AGRICULTURE

Buena Vista County hit with third bird flu outbreak. It's Iowa's sixth report of the deadly disease

Donnelle Eller
Des Moines Register

Bird flu has hit another commercial turkey operation in northwest Iowa, the third outbreak in Buena Vista County and the sixth in the state since the beginning of March, the Iowa Department of Agriculture said Thursday.

The state said the facility has nearly 54,000 turkeys that are being destroyed to prevent the spread of the highly contagious disease. The virus can wipe out a flock within 48 hours.

Buena Vista County has been under a state disaster proclamation since March 6, when the first outbreak in was reported in a commercial flock of nearly 50,000 turkeys. And a week ago,the state said the deadly disease hit an egg-laying operation with 5.3 million hens.

The disaster proclamation enables the state agriculture department and other agencies to help track, monitor and contain the disease. Officials are testing seven flocks in a six-mile area around the infected site, and monitoring 14 others, said Chloe Carson, the  department's spokeswoman.

A third outbreak of avian influenza been reported in Buena Vista County, the Iowa Department of Agriculture reported. On Wednesday, nearly 54,000 turkeys were infected; on March 17, 5.3 million laying hens; and on March 6, nearly 50,000 turkeys.

Iowa has struggled with avian influenza outbreaks in backyard flocks in Pottawattamie and Warren counties, and at a Taylor County operation with about 916,000 pullets, or young laying hens.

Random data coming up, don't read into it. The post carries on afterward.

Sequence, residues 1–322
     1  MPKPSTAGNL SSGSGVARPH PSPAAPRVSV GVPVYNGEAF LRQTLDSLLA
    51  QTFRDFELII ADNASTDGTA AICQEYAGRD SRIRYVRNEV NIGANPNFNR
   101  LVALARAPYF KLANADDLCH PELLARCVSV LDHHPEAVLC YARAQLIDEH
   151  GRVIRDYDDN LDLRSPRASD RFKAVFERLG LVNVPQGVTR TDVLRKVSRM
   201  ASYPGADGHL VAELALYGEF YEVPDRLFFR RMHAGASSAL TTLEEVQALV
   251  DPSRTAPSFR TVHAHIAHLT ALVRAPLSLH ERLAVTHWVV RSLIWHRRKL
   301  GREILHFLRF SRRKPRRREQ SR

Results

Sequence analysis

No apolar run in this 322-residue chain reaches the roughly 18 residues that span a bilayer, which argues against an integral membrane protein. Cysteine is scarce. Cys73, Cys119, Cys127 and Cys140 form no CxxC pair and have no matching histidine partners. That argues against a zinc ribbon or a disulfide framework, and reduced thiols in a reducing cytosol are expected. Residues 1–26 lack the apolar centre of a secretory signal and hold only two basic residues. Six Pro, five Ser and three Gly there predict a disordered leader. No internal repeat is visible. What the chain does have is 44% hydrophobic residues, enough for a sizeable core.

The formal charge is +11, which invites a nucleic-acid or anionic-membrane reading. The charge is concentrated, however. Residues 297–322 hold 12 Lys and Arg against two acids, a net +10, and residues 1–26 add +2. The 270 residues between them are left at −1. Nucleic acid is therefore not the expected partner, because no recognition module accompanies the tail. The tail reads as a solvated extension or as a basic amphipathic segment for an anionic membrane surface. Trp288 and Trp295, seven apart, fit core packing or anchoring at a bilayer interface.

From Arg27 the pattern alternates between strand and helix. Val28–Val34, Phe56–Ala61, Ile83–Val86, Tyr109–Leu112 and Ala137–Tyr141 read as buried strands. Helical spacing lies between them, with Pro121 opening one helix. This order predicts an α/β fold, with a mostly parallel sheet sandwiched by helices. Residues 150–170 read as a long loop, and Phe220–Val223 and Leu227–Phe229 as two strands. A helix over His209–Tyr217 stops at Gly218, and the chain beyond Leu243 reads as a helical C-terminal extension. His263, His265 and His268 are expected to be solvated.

On Wednesday, the agriculture department canceled all live bird competitions and exhibits at county fairs and the Iowa State Fair. The agency said it was prohibiting live bird sales at auctions, markets, swap meets and exotic sales.

State officials believe wild birds are infecting domestic poultry with highly pathogenic avian influenza. Iowa is part of the Mississippi flyway, a migration route for millions of birds each year.

More:Iowa agriculture department shuts down bird contests at fairs to prevent bird flu spread

State and federal agencies said none of the birds nor any poultry products from flocks where avian influenza is detected will reach U.S. food supplies. No human cases of highly pathogenic avian influenza have been detected in the United States.

“This is a difficult time for poultry producers as HPAI (highly pathogen avian influenza) continues to impact farms across Iowa and the United States,” Iowa Agriculture Secretary Mike Naig said in a statement.

Bird flu toll mounting nationally

Nationally, 17 states have reported outbreaks of bird flu among commercial or backyard flocks, with about 14 million birds destroyed to prevent the virus' spread, the U.S. Department of Agriculture reported Thursday.

Iowa leads the nation in egg production, with 55 million laying hens producing 16 billion eggs annually, and it ranks seventh nationally for turkey production, raising 12 million birds a year. 

More:Fifth Iowa outbreak of bird flu confirmed in a backyard Warren County flock

A 2015 outbreak led to the destruction of 32.7 million laying hens, turkeys and other birds in Iowa. That was about two-thirds of the 50.5 million that were destroyed nationally.

Officials urge flock owners to prevent contact between their birds and wild birds and to immediately report sick birds or unusual deaths.

Donnelle Eller covers agriculture, the environment and energy for the Register. Reach her at deller@registermedia.com or 515-284-8457.